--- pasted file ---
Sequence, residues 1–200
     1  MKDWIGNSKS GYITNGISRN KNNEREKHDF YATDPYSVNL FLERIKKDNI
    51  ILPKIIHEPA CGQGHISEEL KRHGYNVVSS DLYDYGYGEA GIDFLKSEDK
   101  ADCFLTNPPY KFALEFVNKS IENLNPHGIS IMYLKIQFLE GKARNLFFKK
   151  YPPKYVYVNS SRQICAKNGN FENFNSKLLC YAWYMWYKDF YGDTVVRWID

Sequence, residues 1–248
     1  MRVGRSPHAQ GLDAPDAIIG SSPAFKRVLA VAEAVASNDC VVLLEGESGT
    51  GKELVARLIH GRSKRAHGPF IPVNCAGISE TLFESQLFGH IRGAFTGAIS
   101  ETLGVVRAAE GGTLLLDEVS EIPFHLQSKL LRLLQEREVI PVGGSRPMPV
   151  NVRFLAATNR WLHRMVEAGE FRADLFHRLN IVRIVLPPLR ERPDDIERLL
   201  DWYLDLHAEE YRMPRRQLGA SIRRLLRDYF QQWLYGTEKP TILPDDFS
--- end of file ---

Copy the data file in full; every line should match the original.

Sequence, residues 1–200
     1  MKDWIGNSKS GYITNGISRN KNNEREKHDF YATDPYSVNL FLERIKKDNI
    51  ILPKIIHEPA CGQGHISEEL KRHGYNVVSS DLYDYGYGEA GIDFLKSEDK
   101  ADCFLTNPPY KFALEFVNKS IENLNPHGIS IMYLKIQFLE GKARNLFFKK
   151  YPPKYVYVNS SRQICAKNGN FENFNSKLLC YAWYMWYKDF YGDTVVRWID

Sequence, residues 1–248
     1  MRVGRSPHAQ GLDAPDAIIG SSPAFKRVLA VAEAVASNDC VVLLEGESGT
    51  GKELVARLIH GRSKRAHGPF IPVNCAGISE TLFESQLFGH IRGAFTGAIS
   101  ETLGVVRAAE GGTLLLDEVS EIPFHLQSKL LRLLQEREVI PVGGSRPMPV
   151  NVRFLAATNR WLHRMVEAGE FRADLFHRLN IVRIVLPPLR ERPDDIERLL
   201  DWYLDLHAEE YRMPRRQLGA SIRRLLRDYF QQWLYGTEKP TILPDDFS